William Shakespeare, that quotable fellow, said “Some are born great, some achieve greatness, and some have greatness thrust upon them.” That’s how I feel about home. Many people I know are raised with a real sense of identity, knowing who they are and where they belong long before they learn how to read. That place of origin, for good or for ill, is home, undeniable as DNA. Others have to make a place for themselves in this world and a few of us enter a strange site and realize with amazement that this place centers us like no other. It’s a shock, like first falling in love, and it changes the folks who experience it. That realization of finding home is central to Marjorie Kinnan Rawling’s book Cross Creek because it’s not just about the first heady days of romance. Cross Creek is the love affair between a discoverer and place.
The two were an unlikely match. Mrs. Rawlings was a thirty-two year old journalist whose career and human marriage were both showing wear but not many signs of success. She was educated, politically liberal and although she could write, she had not found her “voice”, that prerequisite of transcendent writers. Cross Creek was an undisturbed pocket of the Old South populated by black and white families who eked out an living on the land, through farming or sharecropping, hunting, trading or fishing. Probably no one believed she would stay. The greatest trait both parties shared was stubbornness.
Well that, and a love of the place. It must have held beauty beyond measure because Marjorie stuck there without friends, without encouragement and soon, without her husband (who couldn’t tolerate the isolation) or her dog (who hated the heat.) Marjorie tolerated it all, including the bugs and the outhouse, adapted, repaired and plugged away at fiction that wasn’t getting published. She was also writing to an editor about her neighbors. Those letters mark the beginning of her voice.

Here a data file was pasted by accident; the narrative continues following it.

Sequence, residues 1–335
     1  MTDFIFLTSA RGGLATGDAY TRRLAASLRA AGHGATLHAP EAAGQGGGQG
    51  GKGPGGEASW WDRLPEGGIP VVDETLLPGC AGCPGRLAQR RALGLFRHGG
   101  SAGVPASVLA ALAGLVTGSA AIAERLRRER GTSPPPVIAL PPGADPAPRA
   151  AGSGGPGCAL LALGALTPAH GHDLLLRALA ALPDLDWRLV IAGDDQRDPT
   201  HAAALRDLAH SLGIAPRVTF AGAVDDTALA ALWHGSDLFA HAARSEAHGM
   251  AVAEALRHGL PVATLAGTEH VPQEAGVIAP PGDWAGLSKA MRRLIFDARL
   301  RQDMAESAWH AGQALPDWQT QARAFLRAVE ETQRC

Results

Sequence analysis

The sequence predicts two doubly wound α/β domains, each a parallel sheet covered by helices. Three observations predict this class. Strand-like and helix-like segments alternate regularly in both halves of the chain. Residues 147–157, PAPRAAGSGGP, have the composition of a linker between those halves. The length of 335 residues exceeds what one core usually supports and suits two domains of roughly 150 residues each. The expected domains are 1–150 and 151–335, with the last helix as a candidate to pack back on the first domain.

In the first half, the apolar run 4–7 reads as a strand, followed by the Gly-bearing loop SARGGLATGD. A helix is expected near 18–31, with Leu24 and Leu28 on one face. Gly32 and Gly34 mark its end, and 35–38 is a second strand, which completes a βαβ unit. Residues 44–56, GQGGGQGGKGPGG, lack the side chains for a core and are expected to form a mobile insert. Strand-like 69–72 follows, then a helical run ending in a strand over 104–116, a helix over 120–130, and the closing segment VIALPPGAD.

From these new friends and the things they taught her, Marjorie gleaned the material for her best known work, The Yearling (when her editor suggest she write a boy’s story set in the Florida scrub, she replied to his suggestion, saying, “How calmly you sit in your office and tell me to write a classic!” Irony, thy name is Marjorie.) Cross Creek was the follow-up, a love song to the area she loved.
As in so many romances, the one between Marjorie and Cross Creek did not make it to the finish line. First, she remarried and living with her second husband meant living some seventy miles away. Far sadder is the fall out that came from this book. One of the people Marjorie wrote of with affection and respect took offense over the description and sued for libel. The case went on for years, dividing the community and draining the parties. Marjorie stayed away after that.
In the end, Frost described it best: “Home is the place where, when you have to go there, they have to take you in.” When Marjorie died, she was buried in a cemetery less than five miles from the place she’d recognized as home. Other Creek residents are spending their eternity there including the woman who sued her. Thus far, the residents seem to be keeping their peace.
Marjorie wrote she was not the real owner at Cross Creek noting, “Cross Creek belongs to the wind and the rain, to the sun and the seasons, to the cosmic secrecy of seed, and beyond all, to time.” Instead, she belonged to this place that defined her, defied her and nourished her soul. For good or for ill, Cross Creek became part of her, like DNA. Call that what you like, I think it means “home”.